Photos courtesy of tiniertim.com
Tim Bauer lost 225 pounds through an amazing weight loss journey, but that wasn’t the end of his transformation. Learn about his time working with body contouring specialist Dr. Mahlon Kerr on the TLC reality show Skin Tight in this blog post written by Tim.
When I started my weight loss at 440 pounds, I had no idea that I would hit my goal weight and still be left with packets of loose skin all over my body. I became the best father possible to my children, ran a triathlon, and deadlifted 400 pounds. I was strong and happy, but I had to live with this constant reminder of where I’d spent the first 31 years of my life.
After discussing the opportunity with friends and family, I accepted the opportunity to have this last bit of the old me removed. After my initial phone consultation with Austin plastic surgeon Dr. Mahlon Kerr, I understood how much going through these surgeries would challenge me. I discussed it with several friends who had the surgeries on their own and felt completely prepared. But there was one way that my surgeries would be different:
I would do all of this in front of a camera crew. How did that change the experience?
- One of the best parts about being introduced to my surgeons through the television show is knowing that you’re going to work with some of the best doctors money can buy. Knowing they were accepted by TLC helped me feel more confident in them in addition to the research I did. And as ridiculous as this seemed, I knew that I would be in good hands because cameras were watching the whole thing. What’s the worst that could happen if all of America was watching?
- You also end up with an incredible souvenir documenting the entire process for future generations.
The “Less Than Good”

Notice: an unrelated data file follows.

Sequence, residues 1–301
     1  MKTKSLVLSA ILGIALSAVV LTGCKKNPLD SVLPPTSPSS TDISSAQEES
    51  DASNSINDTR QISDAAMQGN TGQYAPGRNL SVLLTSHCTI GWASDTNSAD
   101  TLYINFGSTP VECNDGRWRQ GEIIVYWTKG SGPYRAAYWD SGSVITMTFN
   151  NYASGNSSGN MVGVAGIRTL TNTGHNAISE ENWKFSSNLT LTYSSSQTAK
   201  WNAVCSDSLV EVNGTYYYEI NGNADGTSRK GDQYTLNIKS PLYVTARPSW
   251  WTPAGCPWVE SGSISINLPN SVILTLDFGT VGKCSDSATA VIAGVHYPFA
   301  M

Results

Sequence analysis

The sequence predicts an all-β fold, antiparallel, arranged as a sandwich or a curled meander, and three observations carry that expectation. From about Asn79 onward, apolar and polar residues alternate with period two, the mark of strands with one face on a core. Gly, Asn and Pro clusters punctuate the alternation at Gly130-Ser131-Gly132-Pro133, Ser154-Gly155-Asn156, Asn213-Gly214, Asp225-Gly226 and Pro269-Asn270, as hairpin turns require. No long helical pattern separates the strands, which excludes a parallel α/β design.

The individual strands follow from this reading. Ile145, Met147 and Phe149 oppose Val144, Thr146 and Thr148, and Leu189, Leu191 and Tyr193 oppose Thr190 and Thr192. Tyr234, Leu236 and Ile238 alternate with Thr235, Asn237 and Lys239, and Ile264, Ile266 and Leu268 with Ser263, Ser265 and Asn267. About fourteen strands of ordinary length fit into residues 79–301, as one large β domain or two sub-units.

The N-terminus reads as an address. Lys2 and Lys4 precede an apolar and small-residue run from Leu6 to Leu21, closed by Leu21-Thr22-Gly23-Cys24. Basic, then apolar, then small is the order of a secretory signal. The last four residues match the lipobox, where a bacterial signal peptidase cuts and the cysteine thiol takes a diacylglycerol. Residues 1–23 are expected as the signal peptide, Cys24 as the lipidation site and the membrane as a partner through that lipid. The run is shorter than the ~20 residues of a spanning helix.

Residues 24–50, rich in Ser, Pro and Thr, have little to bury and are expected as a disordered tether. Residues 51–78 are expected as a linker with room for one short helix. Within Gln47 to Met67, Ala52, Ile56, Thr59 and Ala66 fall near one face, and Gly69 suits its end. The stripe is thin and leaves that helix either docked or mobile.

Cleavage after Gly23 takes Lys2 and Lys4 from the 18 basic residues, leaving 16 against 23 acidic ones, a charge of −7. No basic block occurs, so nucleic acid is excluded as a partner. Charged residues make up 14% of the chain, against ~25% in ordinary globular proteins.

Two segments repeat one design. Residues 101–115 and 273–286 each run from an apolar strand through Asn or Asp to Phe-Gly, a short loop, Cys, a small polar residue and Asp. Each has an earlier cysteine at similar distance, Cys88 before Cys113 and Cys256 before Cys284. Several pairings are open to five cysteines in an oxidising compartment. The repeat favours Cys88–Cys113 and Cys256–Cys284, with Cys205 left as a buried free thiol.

I don’t remember a lot from my first 24 hours after surgery except for 2 things:
- The first steps I took on that first night made me realize that recovery was a real thing and I was not going to instantly be able to dance a jig.
- I was struck by how difficult it was leaving the next morning on camera.
If you’re a reality television fan, you probably notice that the cameras manage to capture the action on the drive and pick up the action as the person leaves the car, walks into the building, and enters the door. What you may not realize is that logistically that means every single time you want to go somewhere, the action has to reset multiple times.
Drive somewhere. Stop and let the camera get out and reset. Get out and let them watch. Stop and let the camera reset. Enter the building. Stop and let the camera reset. Enter the front door. Reset. Say hello. Reset.
When you’re in great shape, this is a minor thing. But when you’re less than 24 hours after major surgery, it can be a struggle letting the cameras shoot every last detail from multiple angles to the hotel and walking up to your room. You have to remember that the show wants to get footage, and although you’re trying to recover, sometimes these 2 goals are in opposition to each other.
Glass Half Full
Photos courtesy of TLC
In other words, when you’re crying or going through something, this isn’t just something you have to recover from, it’s also a storyline that has to be documented. For me, this encouraged me to “man up” in the face of pain and adversity. I was able to “logic” my way out of struggles and adversities. I never felt comfortable breaking down and crying in pain. This served to help me remain stoic, positive, and upbeat throughout the entire process and in my opinion, expedited my recovery throughout my entire journey.
I learned 2 great lessons from my experience as a reality TV patient:
1. Camera crews following you may change the way you approach things in a really positive way. I became a little more conscious of the feelings and attitudes I projected to those around me.
2. No matter how you get surgery, the man or woman holding the scalpel is 1,000 times more important than the person behind the cameras. My recovery even when dramatized and documented seems like it was significantly easier than many of the folks I’ve talked to that have gone through the process on their own.